Pakenham Fire Destroyed Heirlooms Perth Courier 1940
PAKENHAM, July 10
L. A. Mayne lost many valued heirlooms Monday morning, when the old Mayne store was burned to the ground in the big fire here.Just how the fire started is at present a mystery, except that it broke out in the upper portion of Mr. Mayne’s store, used for the most part as a store-room. Mr. Mayne declares there was no one about the premises at the time, no matches were kept there, yet when William Jordan drove into the village shortly before midnight he noticed the fire, which had then gained considerable headway in the upper premises. Among the articles of furniture lost was a table brought to this country by the wife of the late Dr. Mann, who in 1820 built the little Scottish “Auld Kirk”, whose ruins still stand on the high promontory that overlooks the Mississippi.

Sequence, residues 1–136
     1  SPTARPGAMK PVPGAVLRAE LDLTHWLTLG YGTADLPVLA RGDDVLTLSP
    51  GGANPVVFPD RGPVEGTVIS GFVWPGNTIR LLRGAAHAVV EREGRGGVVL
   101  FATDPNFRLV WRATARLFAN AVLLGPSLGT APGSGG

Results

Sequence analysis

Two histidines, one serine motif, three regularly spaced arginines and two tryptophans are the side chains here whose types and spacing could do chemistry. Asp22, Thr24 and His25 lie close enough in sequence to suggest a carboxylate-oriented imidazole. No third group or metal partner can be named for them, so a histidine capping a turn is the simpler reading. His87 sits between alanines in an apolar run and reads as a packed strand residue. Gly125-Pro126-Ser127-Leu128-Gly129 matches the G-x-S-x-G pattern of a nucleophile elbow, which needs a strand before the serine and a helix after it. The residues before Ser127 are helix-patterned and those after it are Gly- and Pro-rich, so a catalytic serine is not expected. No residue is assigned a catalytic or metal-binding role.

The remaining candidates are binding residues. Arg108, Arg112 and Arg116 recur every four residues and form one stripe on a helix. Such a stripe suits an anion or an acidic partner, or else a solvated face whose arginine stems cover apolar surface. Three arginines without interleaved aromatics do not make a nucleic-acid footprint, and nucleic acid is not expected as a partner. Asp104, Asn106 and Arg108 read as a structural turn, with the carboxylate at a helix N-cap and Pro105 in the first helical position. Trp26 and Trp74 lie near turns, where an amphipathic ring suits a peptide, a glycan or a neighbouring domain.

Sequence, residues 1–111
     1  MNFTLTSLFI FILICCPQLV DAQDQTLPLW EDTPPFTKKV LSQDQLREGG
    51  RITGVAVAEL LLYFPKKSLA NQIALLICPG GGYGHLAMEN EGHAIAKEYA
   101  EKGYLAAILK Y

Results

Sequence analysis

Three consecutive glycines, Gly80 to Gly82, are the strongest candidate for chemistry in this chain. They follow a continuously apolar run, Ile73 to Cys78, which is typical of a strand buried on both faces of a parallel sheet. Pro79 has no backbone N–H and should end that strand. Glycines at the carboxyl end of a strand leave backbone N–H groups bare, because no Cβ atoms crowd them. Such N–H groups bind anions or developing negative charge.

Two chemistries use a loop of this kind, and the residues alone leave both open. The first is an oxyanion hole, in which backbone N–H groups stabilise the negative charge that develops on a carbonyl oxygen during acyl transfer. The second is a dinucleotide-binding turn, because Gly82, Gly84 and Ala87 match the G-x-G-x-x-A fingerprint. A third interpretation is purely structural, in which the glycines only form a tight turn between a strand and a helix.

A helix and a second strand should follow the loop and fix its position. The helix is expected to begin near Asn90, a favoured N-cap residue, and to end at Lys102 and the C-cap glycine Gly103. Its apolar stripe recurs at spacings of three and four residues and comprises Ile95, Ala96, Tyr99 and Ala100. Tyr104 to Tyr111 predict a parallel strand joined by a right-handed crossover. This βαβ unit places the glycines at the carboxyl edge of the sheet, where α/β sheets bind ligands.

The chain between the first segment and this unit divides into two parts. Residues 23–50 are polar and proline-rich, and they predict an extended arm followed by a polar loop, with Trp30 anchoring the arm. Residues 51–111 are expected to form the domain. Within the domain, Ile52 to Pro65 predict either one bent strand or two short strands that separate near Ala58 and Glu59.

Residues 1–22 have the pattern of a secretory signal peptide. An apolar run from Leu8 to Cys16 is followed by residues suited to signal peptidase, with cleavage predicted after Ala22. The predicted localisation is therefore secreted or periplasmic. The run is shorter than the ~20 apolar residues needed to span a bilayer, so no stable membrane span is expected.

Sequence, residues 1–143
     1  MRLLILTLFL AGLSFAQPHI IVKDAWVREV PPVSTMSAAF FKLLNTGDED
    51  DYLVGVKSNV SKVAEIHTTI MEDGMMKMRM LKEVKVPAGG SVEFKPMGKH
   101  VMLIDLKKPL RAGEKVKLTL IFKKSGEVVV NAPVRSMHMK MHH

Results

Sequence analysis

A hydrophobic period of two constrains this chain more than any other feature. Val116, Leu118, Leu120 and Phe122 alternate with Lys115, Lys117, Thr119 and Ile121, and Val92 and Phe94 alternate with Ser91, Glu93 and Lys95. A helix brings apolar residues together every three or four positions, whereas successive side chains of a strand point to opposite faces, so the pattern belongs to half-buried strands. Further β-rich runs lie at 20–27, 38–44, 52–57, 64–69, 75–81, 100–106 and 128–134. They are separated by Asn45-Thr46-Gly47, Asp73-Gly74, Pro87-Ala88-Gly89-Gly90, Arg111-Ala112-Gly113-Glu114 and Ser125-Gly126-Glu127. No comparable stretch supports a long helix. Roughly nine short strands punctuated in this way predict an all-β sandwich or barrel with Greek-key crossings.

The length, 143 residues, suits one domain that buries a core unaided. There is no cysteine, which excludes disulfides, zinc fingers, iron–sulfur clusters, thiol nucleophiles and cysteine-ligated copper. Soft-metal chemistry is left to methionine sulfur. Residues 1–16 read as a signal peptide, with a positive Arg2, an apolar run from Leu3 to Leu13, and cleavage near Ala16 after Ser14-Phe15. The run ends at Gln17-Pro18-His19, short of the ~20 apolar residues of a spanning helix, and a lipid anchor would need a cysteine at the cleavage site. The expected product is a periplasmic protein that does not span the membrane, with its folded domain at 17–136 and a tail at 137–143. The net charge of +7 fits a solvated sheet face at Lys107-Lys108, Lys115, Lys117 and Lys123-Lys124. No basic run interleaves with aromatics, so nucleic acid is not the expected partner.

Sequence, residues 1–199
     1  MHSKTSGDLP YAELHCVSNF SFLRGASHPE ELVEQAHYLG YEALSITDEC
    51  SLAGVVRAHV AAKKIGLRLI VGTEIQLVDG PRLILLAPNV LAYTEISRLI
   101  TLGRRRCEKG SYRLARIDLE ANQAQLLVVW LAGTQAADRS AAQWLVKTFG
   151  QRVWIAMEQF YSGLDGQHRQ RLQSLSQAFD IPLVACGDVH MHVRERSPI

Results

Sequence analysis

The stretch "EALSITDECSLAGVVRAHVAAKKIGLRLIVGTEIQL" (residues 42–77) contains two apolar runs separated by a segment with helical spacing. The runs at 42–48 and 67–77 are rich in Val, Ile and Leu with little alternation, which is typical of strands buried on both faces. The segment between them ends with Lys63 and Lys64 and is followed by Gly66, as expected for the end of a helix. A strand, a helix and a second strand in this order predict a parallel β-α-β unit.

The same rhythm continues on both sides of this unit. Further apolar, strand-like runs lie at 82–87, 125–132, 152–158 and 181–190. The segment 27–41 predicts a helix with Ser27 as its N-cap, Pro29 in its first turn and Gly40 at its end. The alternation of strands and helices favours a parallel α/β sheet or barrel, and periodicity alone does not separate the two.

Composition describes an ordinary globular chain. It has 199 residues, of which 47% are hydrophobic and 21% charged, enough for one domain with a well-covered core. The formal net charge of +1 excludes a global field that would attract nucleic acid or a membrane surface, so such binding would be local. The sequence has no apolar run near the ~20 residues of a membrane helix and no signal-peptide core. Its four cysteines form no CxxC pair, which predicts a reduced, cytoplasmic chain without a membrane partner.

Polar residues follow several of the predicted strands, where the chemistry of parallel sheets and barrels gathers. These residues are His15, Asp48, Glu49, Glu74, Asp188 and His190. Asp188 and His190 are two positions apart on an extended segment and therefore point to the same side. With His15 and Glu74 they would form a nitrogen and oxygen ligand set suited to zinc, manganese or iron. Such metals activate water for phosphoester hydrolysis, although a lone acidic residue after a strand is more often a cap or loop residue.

Another valued piece of furniture was an heirloom brought from Edinburgh about 125 years ago by the widow of Andrew Dickson, whose name runs like a thread through all the story of Pakenham’s history. The old store, built upward of a century ago, was used as a guard house when the Pakenham Fitzroy volunteers organized a company to suppress the risings in 1866-67, Mr. Mayne, on whose premises the blaze broke out, is convinced that it originated outside and not inside the premises. He was on the rear verandah of his residence next door to the shop when his attention was directed to a small streak of flame running upward on the outside corner of an old and unused bakery at the rear of the store.
The building was of frame, and dry, and before he could procure water or assistance the whole place was in flames. Many insurance inspectors and adjusters have mingled with the large throng of people who have come from far and near to witness a scene of desolation, but up to the present there has not been any official investigation. Things are beginning to assume their usual tempo. Postmaster Smith has his office in William Belford’s home, and Preston Burgess, manager of the telephone exchange, is installed temporarily in Gordon’s drug store.
Keith Thompson, Clayton, Ontario – 26 February, 2002
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